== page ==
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First of Two Installments: THE HEAVEN BELOW
Clare Boothe Luce
August 11, 1958
It lay in the crystal waters of a Bahamas reef and was found after days of storm. It was, as always, a place of beauty and adventure, a new world
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August 11, 1958

First Of Two Installments: The Heaven Below

It lay in the crystal waters of a Bahamas reef and was found after days of storm. It was, as always, a place of beauty and adventure, a new world

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How hard, how very hard, it is to tell anybody who has never been there about the underwater world. The Iron Curtain is, after all, a mere political figure of speech. But the Salt Curtain of the ocean's surface is a physical fact that separates two physically quite different worlds. Underwater techniques, sensations and sights all present real semantic and terminological difficulties for those who try to describe them to the uninitiate. It is not easy to communicate the physical experience of moving and breathing in a medium which is 800 times denser than air and which radically modifies, if not nullifies, the pull of gravity. Man, an erect animal, moves most naturally forward, in a vertical position on a horizontal plane. Underwater he moves most easily in a prone position, though he can also with facility walk or stand on feet or hands, and move up or down, forward or backward, in any position. He can imitate, however slowly or awkwardly, the motions of pipefish or crab, flounder, eel or octopus. Underwater he is relatively omnimobile.

His underwater visual experience is equally "unnatural." He moves in a world of constantly shifting perspectives. There are no horizons where the eye level shifts with every movement of your body. Even under optimum light conditions, you can seldom see clearly more than a hundred feet in any direction. The eye can measure distance only from point to point within that circle of visibility. Even the shallow-water scuba diver has the sensation at all times of circling at the heart of an enormous opaque fish bowl, whose globular, mysterious sides advance and recede with his own motions. He proceeds like a small chrysalis, silent in his sea-green cocoon and essentially alone, for his fellow divers seem to have an eerie habit of gliding away like gray ghosts through the green walls of his bowl into unseen bowls of their own. Looking up, he sees nothing but the opaque silver lid of the Salt Curtain. Then suddenly another diver makes an apparition, to swim beside him. But he may rise a minute later and disappear beyond the curtain in a seemingly miraculous assumption to another world.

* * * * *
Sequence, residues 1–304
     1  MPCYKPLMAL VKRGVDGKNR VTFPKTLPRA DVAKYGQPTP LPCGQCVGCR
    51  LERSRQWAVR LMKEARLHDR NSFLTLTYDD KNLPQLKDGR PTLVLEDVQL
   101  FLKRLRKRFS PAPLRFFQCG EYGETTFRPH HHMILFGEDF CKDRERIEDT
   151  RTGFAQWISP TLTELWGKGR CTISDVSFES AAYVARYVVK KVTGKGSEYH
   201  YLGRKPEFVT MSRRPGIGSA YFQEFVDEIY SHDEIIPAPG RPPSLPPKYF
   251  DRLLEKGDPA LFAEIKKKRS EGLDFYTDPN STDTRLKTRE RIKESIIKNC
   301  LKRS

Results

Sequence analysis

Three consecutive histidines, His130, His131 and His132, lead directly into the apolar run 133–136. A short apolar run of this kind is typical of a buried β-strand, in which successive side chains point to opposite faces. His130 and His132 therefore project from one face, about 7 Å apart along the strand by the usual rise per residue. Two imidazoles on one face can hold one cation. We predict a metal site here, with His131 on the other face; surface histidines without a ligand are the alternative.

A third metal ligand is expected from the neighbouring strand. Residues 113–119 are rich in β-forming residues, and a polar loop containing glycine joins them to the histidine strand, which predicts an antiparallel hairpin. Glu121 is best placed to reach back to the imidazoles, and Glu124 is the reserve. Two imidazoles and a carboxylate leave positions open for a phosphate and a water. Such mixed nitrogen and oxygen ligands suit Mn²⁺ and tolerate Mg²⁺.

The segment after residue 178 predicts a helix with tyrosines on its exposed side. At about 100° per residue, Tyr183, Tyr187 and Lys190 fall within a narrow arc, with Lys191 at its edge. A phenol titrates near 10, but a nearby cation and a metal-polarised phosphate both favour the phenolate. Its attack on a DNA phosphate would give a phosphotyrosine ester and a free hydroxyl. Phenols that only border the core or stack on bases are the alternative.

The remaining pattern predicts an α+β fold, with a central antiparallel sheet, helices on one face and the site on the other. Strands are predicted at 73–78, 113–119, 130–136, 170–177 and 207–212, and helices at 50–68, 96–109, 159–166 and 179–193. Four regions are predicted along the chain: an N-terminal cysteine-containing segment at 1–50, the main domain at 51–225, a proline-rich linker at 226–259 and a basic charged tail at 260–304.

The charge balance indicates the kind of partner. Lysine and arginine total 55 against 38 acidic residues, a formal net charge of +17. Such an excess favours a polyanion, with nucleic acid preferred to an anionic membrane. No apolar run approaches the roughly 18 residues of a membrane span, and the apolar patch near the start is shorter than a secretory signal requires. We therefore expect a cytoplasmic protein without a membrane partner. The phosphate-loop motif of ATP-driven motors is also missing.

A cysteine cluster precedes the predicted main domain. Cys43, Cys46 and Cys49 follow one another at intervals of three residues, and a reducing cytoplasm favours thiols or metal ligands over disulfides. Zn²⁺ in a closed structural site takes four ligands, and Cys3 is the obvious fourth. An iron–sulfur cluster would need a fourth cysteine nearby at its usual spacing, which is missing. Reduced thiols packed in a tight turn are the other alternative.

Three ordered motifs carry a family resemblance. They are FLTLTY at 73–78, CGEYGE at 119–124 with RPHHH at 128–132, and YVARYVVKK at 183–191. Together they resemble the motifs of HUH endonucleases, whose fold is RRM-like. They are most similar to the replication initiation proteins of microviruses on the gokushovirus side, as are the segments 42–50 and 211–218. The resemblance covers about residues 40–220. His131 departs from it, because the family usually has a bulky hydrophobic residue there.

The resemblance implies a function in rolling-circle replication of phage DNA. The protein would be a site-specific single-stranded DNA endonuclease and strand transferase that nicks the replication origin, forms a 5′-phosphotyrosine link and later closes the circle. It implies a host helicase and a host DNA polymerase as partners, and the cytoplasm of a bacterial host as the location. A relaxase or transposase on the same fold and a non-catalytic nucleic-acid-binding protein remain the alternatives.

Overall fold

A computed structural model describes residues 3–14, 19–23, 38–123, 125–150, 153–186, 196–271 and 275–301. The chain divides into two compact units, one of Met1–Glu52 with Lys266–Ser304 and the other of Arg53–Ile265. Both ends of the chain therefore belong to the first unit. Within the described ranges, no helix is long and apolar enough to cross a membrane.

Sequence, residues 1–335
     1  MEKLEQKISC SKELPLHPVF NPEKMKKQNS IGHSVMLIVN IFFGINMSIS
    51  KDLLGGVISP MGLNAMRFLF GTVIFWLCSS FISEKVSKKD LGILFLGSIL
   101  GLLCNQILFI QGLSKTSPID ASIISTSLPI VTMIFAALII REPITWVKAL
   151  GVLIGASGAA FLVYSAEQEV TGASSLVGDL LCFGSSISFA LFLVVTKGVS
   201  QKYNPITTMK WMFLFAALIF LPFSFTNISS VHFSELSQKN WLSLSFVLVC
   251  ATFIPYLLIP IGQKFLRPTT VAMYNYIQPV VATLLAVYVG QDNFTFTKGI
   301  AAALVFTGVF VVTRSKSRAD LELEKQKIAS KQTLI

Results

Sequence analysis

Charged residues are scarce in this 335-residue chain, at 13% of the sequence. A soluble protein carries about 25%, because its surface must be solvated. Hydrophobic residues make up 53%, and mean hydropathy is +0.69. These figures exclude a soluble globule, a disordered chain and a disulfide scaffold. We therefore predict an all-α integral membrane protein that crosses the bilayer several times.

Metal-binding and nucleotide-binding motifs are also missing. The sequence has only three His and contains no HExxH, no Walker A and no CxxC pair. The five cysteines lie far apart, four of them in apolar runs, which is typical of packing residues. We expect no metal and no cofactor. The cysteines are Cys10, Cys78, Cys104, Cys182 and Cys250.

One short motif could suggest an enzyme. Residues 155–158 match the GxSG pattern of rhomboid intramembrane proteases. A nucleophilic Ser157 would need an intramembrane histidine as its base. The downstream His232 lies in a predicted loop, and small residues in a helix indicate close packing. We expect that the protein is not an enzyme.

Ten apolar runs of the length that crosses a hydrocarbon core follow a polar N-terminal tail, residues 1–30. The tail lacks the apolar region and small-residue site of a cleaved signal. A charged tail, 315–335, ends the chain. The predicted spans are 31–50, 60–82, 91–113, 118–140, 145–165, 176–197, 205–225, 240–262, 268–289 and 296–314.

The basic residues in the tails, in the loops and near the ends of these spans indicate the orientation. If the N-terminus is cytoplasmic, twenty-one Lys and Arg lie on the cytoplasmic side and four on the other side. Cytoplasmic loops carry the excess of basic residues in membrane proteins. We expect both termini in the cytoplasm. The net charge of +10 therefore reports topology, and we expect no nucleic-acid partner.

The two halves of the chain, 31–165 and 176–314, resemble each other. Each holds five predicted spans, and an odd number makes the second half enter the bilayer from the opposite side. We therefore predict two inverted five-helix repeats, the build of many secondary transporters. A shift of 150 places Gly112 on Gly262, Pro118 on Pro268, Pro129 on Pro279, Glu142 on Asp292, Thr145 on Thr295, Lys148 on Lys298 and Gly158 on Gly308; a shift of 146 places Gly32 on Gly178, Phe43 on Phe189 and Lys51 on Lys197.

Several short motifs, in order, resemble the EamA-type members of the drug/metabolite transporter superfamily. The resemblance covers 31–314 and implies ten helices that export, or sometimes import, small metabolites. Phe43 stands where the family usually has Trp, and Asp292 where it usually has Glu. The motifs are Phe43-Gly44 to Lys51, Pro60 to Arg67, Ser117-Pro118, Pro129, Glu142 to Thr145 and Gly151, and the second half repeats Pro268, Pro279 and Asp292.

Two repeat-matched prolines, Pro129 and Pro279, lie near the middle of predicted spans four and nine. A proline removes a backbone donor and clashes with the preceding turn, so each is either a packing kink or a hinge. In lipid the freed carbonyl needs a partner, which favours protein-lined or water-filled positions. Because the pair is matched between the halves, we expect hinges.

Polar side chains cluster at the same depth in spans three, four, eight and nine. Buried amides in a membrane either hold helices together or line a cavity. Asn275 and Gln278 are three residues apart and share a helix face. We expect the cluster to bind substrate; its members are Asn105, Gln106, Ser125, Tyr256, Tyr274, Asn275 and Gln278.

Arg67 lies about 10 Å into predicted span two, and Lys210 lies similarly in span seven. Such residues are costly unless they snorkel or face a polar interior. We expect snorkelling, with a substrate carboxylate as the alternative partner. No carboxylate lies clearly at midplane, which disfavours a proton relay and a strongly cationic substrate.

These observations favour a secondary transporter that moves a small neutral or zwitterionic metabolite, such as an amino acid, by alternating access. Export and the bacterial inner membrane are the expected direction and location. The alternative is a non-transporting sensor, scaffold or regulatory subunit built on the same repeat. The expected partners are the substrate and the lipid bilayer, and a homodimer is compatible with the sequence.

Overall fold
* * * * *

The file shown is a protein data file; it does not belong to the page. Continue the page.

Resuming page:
The sensuous experiences of the underwater world are perhaps hardest of all to describe. In those "chambers deep, where waters sleep, and unknown treasures pave the floor," what fishes like flowers, what stones like trees! What crenelated walls, parapets, spires and grottoes the skeletons of coral make! What labyrinthine groves and gardens wave where the live coral are still building! The coral reefs are a golden girdle of dead and living cities, which dwarf in their age and beauty all the cities of man. For how many eons have they waited—must they still wait—for their Dante and Shakespeare?

Coles calls. "We've all landed. I'll pick you up at 6 for dinner. Then we'll get Art. He's checking the boat now—it's called the Big Seven. Rotten weather. But this storm should clear things for tomorrow."

We are waiting by the car as Art Pinder comes out of his hotel holding a big wadded-up orange woolen ball in his hand.

Pinder stands 6 feet tall and weighs in at 195 swimmer-smooth pounds. He has the classic musculature of a discobolus, and the kind of bullet-round, crew-cut blond head and good, honest, short-nosed, square-jawed face that the USMC depicts on all its recruitment posters.

Coles says, "This is Mrs. Luce."

Art pumps my hand coolly, and then gently shakes out the orange ball. It is two bathing suits. "Jantzen, sizes 10 and 12. Don't thank me," he says simply. "I do TV commercials for Jantzen." His clear eyes pass over me. He is mentally weighing me as though I were a fish. "Ten should fit," he says. His voice sounds dispirited. I have an uneasy feeling he thinks I may not prove to be a very game fish....

Dinner at St. George's on the harbor is pleasant in that strained sort of way which happens when new teammates take the measure of one another for the first time. David says little, eats less. Coles informs us that something that Dave had for lunch has not agreed with him. Art begins by asking the waiter for a steak—"So-o thick." My forearm is thinner. The waiter says, "No steaks today."

"We should've gone to Black Beard's. Great steaks there. Don Seiler, artist fellow who helped decorate it, is a friend of mine and my brother's. Great diver. He's coming aboard tomorrow." He turns that dubious glance on me. "It's my job to watch you. I figured Don could give a hand with Mrs. Jenkins." We both look crestfallen.

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